Unique features of www.vpbookclub.com include the ability to personalize the site’s homepage, regular posts from authors, editors, and sales and marketing people at Viking and Penguin, as well as a forthcoming blog where readers can post comments and reviews. The site will offer a monthly newsletter as well as weekly news, awards, author tour updates and contests/giveaways. And, unique to publishing house websites, www. vpbookclub.com invites users to purchase items from the retailer of their choice, several of which link to each title’s page.
They probably should’ve come up with a better name so that they didn’t have to keep repeating “www.vpbookclub.com” over and over throughout the press release, but whatever, that seems to be the least of their problems. Joe Wikert has a really snarky report on his excellent Publishing 2020 Blog.
It probably seemed like a good idea at the design stage, but the implementation is, well…go see for yourself, but try to remain patient while the main page loads. I’m talking about the new VP Book Club, a new joint website offering from Viking and Penguin.
Tim Spalding does an excellent job dissecting the VP site on his LibraryThing blog. He refers to it as “a gorgeous mistake.”
The site is gorgeous, and the idea of featuring a Viking hardcover, a Penguin paperback, and a Penguin Classic isn’t bad. But do book clubs really need all these Flash bells and whistles? Probably not. I ‘d like to believe that book clubs are most interested in content, like Reading Group Guides, with or without simplistic questions. (E.g., “Our three principal characters all seem to be in search of something. What does each character in the novel gain/learn from the other?”)
Amazon Vine is a new program that Amazon.com is launching to put free copies of forthcoming books into the hands of their most vocal reviewers.
As they put it:
Vine helps our vendors generate awareness for new and pre-release products by connecting them with the voice of the Amazon community: our reviewers. Vine members, called Voices, may request free copies of items enrolled in the program and have the ability to share their opinions before these products become generally available.
Aside from the fact that it’ll probably cost a fortune and only be available to the biggest of the commercial publishers, I think this is a really interesting marketing advancement. At least for books. I mean, it’s sort of like advanced screenings for movies, but in this case you can basically hand-select your audience.
(It’s worth noting that this idea has already been successfully implemented already by Random House and Library Thing.)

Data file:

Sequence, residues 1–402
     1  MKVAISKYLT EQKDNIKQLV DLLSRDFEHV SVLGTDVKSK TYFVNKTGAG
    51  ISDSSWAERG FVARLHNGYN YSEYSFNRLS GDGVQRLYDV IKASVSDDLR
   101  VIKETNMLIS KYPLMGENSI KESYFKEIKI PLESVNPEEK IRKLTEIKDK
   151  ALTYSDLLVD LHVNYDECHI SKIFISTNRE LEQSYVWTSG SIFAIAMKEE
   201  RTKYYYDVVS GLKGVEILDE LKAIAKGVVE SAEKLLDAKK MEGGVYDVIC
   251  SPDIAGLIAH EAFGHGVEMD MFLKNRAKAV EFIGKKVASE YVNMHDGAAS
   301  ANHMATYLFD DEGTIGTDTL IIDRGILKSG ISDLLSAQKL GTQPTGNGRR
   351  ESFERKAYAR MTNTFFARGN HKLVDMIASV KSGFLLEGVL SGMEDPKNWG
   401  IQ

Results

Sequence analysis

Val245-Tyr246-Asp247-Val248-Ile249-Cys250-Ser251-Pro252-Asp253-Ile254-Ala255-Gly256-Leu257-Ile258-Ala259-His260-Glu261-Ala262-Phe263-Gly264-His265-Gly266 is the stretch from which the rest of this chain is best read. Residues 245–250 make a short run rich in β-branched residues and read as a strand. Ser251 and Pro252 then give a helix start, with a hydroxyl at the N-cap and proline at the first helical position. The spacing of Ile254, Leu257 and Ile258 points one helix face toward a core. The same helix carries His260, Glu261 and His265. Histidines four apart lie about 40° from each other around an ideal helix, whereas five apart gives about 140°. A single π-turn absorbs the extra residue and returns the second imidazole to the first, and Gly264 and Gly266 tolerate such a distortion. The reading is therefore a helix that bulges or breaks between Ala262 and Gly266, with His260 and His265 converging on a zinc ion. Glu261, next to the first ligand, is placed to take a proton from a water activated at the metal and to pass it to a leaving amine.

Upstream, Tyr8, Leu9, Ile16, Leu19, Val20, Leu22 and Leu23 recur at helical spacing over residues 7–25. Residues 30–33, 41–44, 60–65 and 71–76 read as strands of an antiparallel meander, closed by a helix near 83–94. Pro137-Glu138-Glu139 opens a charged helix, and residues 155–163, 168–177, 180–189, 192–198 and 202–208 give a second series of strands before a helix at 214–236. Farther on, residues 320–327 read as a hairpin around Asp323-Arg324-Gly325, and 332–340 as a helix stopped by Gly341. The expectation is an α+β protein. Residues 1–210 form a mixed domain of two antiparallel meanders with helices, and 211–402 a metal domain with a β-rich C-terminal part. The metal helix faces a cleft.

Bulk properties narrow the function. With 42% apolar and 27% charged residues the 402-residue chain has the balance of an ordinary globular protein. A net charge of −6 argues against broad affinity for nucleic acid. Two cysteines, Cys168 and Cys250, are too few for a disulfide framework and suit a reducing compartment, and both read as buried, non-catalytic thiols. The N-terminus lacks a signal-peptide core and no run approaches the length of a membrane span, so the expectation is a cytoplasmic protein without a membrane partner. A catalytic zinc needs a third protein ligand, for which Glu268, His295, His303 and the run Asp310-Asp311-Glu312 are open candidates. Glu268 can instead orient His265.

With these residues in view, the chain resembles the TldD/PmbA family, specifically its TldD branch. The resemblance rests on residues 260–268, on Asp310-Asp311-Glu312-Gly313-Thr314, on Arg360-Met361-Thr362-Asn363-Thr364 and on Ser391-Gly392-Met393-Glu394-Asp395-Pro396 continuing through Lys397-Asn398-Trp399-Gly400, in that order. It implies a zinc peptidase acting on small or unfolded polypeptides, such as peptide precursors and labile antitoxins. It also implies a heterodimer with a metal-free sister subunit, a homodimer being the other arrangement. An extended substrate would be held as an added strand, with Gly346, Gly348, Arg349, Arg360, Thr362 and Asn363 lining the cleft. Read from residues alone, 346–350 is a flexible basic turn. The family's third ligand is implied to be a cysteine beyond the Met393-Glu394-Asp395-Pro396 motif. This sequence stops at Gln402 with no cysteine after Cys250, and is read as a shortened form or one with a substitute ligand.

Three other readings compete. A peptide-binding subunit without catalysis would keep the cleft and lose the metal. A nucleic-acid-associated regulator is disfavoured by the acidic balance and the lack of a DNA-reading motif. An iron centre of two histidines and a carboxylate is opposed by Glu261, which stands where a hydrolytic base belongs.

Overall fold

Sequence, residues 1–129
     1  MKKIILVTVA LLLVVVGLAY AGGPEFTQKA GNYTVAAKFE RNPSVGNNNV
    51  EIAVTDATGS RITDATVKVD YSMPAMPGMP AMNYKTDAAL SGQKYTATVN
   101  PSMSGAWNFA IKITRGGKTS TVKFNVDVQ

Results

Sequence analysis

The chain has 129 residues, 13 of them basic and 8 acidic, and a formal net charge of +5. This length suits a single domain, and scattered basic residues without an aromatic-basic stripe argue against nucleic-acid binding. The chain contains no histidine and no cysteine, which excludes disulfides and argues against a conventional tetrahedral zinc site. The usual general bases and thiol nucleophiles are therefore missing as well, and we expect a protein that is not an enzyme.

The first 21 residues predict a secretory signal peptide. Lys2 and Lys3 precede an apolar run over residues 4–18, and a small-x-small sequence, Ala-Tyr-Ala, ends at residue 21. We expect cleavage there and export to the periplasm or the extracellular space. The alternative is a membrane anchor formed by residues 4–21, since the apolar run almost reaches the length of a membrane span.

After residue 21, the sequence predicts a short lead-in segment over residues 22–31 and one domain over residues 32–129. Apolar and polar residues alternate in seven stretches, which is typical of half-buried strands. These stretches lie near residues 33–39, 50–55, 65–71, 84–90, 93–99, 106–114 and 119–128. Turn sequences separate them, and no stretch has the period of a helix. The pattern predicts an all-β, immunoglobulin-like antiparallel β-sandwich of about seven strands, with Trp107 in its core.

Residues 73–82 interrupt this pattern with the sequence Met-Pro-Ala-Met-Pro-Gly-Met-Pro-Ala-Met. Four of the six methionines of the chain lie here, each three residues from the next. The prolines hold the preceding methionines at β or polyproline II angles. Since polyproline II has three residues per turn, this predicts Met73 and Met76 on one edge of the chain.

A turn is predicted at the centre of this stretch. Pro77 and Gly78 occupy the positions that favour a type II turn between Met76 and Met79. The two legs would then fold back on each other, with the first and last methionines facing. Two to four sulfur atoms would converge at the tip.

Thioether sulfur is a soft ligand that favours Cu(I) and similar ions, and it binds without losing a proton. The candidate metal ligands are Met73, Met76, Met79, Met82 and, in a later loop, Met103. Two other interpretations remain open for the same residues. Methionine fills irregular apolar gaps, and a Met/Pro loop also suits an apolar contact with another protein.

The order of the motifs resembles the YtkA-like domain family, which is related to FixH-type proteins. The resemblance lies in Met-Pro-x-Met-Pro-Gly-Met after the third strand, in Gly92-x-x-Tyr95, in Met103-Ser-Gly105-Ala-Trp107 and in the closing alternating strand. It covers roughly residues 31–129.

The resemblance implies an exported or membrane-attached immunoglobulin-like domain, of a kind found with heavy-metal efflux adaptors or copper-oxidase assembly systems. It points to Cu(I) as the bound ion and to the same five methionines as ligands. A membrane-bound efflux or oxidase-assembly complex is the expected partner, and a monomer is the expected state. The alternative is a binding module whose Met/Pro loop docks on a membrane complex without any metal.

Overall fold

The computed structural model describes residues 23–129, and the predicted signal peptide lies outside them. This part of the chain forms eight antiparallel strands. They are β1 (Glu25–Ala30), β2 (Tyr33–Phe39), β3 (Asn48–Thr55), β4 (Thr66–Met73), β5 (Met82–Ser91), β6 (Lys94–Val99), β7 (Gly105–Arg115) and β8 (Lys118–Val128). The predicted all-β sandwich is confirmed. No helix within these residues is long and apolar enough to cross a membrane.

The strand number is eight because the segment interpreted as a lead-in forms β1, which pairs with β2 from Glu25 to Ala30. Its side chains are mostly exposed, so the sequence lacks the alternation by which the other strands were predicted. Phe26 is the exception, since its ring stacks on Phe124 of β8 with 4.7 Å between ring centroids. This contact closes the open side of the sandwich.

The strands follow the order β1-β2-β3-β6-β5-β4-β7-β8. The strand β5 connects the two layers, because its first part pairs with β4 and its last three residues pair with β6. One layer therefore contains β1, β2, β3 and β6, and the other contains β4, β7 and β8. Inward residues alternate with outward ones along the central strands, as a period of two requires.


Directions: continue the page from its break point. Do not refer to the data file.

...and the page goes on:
This idea does reinforce my general belief that publishers need to start using the internet and finding innovative ways to get information out about books to readers. I
In Josep Maria de Sagarra’s Private Life, a man harangues his friend about literature while walking through Barcelona at night:
When a novel states a fact that ties into another fact and another and another, as the chain goes on. . .
César Aira dishes up an imaginative parable on how identity shapes our sense of belonging with Dinner, his latest release in English. Aira’s narrator (who, appropriately, remains nameless) is a self-pitying, bitter man—in his late fifties, living again with. . .
Originally published in French in 2007, We’re Not Here to Disappear (On n’est pas là pour disparaître) won the Prix Wepler-Fondation La Poste and the Prix Pierre Simon Ethique et Réflexion. The work has been recently translated by Béatrice Mousli. . .
Even though the latest from Jean Echenoz is only a thin volume containing seven of what he calls “little literary objects,” it is packed with surprises. In these pieces, things happen below the surface, sometimes both literally and figuratively. As. . .
Who is this woman? This is the question that opens Xiao Bai’s French Concession, a novel of colonial-era Shanghai’s spies and revolutionaries, police and smugglers, who scoot between doorways, walk nonchalantly down avenues, smoke cigars in police bureaus, and lounge. . .
For the past 140 years, Anna Karenina has been loved by millions of readers all over the world. It’s easy to see why: the novel’s two main plots revolve around characters who are just trying to find happiness through love.. . .
Linn Ullmann’s The Cold Song, her fifth novel, is built much like the house about which its story orbits: Mailund, a stately white mansion set in the Norwegian countryside a few hours drive from Oslo. The house, nestled into the. . .